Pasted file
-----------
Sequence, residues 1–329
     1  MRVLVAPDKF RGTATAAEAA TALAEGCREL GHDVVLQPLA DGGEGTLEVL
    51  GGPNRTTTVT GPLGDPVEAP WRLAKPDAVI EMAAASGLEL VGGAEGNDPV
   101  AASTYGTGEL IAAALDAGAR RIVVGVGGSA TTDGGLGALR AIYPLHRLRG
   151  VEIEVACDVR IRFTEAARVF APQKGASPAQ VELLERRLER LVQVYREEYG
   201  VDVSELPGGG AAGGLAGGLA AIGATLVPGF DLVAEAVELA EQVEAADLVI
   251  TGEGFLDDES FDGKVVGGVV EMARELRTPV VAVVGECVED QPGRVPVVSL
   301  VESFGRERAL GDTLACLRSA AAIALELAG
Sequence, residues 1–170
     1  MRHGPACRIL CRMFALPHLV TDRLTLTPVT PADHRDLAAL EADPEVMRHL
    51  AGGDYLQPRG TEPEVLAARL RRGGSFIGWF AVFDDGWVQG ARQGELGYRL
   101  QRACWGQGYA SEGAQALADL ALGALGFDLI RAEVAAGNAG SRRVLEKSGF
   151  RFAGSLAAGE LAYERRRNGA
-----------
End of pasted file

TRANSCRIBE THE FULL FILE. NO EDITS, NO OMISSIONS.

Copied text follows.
Sequence, residues 1–329
     1  MRVLVAPDKF RGTATAAEAA TALAEGCREL GHDVVLQPLA DGGEGTLEVL
    51  GGPNRTTTVT GPLGDPVEAP WRLAKPDAVI EMAAASGLEL VGGAEGNDPV
   101  AASTYGTGEL IAAALDAGAR RIVVGVGGSA TTDGGLGALR AIYPLHRLRG
   151  VEIEVACDVR IRFTEAARVF APQKGASPAQ VELLERRLER LVQVYREEYG
   201  VDVSELPGGG AAGGLAGGLA AIGATLVPGF DLVAEAVELA EQVEAADLVI
   251  TGEGFLDDES FDGKVVGGVV EMARELRTPV VAVVGECVED QPGRVPVVSL
   301  VESFGRERAL GDTLACLRSA AAIALELAG
Sequence, residues 1–170
     1  MRHGPACRIL CRMFALPHLV TDRLTLTPVT PADHRDLAAL EADPEVMRHL
    51  AGGDYLQPRG TEPEVLAARL RRGGSFIGWF AVFDDGWVQG ARQGELGYRL
   101  QRACWGQGYA SEGAQALADL ALGALGFDLI RAEVAAGNAG SRRVLEKSGF
   151  RFAGSLAAGE LAYERRRNGA